Vehicle manufacturers, dealerships, DVSA (Driving and Vehicle Standards Agency) and driving instructors should include a comprehensive lesson for motorists on how to use advanced driver assistance systems (ADAS) so they are a road safety benefit and not a potential hazard.
The urgent call has been made by IAM RoadSmart, the UK’s largest independent road safety charity, following the publication of a highly influential report by the Fédération Internationale de l’Automobile (FIA) entitled ‘How to maximize the road safety benefits of ADAS?’. Key among the report’s findings and recommendations are that most users do not receive any training but have to rely on information from the user manual, and most alarmingly by applying a ‘trial-and-error’ method.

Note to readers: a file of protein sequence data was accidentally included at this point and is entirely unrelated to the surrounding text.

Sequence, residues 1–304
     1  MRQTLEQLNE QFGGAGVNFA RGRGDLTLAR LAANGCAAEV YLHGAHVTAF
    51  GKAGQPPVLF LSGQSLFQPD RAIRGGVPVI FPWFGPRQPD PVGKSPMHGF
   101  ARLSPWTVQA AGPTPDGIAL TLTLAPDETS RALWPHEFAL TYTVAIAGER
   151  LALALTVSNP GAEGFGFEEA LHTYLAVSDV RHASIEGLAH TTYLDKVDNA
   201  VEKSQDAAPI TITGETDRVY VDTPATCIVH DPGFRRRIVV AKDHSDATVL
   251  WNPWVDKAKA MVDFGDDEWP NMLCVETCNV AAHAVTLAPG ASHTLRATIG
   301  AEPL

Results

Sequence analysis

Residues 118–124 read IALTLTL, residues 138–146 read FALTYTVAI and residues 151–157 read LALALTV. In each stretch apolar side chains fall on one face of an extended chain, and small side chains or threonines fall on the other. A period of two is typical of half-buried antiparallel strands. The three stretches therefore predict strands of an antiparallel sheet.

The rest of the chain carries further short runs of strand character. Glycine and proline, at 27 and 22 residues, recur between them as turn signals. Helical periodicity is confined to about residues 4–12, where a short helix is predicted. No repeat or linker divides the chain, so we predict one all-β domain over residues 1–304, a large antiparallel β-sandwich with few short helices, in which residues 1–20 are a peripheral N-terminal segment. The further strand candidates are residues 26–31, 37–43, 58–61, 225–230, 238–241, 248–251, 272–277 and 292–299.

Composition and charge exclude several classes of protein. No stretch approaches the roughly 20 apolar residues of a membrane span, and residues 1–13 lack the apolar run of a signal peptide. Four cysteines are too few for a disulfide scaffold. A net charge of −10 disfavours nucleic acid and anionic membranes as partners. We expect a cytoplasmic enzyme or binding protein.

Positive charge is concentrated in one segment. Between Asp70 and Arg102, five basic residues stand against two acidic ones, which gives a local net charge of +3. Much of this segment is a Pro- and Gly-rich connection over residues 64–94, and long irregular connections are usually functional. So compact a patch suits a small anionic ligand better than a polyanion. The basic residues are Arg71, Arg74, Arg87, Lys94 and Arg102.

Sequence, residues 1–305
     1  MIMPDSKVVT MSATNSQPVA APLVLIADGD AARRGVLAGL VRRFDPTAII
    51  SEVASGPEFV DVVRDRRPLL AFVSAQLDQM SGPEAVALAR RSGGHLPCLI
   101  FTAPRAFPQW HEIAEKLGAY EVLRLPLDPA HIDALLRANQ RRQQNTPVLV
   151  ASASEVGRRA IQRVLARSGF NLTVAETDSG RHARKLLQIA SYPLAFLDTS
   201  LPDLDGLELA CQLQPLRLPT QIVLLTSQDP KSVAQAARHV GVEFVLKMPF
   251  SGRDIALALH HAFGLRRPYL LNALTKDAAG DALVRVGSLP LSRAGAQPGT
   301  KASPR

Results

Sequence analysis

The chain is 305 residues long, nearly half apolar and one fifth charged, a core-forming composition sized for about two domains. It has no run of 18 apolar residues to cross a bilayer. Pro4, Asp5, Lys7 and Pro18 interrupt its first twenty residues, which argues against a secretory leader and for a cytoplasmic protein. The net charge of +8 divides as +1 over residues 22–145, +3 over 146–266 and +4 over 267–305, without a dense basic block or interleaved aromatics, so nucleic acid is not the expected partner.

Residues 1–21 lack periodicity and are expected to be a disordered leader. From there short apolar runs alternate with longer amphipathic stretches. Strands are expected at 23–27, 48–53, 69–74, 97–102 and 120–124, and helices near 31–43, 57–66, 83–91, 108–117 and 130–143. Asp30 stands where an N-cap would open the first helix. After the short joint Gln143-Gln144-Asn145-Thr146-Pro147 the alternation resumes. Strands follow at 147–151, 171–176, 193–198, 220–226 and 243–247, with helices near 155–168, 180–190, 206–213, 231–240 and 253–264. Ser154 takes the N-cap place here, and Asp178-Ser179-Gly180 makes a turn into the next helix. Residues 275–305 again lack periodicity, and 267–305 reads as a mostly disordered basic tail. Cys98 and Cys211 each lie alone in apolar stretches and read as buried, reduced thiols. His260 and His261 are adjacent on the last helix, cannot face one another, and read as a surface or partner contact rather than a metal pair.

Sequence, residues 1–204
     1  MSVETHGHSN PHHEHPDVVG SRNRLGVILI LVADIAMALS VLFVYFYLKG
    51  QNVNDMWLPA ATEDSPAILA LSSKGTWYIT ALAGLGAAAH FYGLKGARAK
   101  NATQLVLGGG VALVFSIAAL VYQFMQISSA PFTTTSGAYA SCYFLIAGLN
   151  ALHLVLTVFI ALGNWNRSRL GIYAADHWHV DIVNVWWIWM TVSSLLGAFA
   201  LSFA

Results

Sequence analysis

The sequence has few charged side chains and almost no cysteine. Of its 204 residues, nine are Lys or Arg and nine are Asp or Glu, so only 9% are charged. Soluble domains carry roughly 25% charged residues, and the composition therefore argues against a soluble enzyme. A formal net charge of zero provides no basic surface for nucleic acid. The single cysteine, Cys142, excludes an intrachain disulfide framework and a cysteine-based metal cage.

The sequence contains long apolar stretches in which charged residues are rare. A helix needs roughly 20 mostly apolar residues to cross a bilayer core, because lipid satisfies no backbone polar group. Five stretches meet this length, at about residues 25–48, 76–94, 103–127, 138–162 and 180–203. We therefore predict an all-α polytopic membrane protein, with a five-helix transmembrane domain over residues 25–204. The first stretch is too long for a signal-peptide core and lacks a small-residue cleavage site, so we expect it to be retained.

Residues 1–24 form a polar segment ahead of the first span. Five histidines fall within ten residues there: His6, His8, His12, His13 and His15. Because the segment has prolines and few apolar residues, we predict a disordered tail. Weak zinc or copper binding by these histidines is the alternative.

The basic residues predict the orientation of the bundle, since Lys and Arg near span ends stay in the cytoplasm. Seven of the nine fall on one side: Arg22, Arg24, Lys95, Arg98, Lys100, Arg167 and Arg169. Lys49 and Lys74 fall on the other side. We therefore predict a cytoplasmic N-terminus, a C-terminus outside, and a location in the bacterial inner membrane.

Some of the most widely known ADAS include adaptive cruise control, autonomous emergency braking system, lane keeping assist and driver monitoring for drowsiness and distraction recognition. How many are in your fleet? Have your drivers been given formal training on how to use them safely?
Neil Greig, IAM RoadSmart Director of Policy & Research, said: “Advanced driver assistance systems have the potential to improve road safety, but only if used correctly. If incorrectly used, not least without a full understanding of what the system is and is not capable of, it can have the opposite effect with worrying consequences for all road users.” Click here to find out more.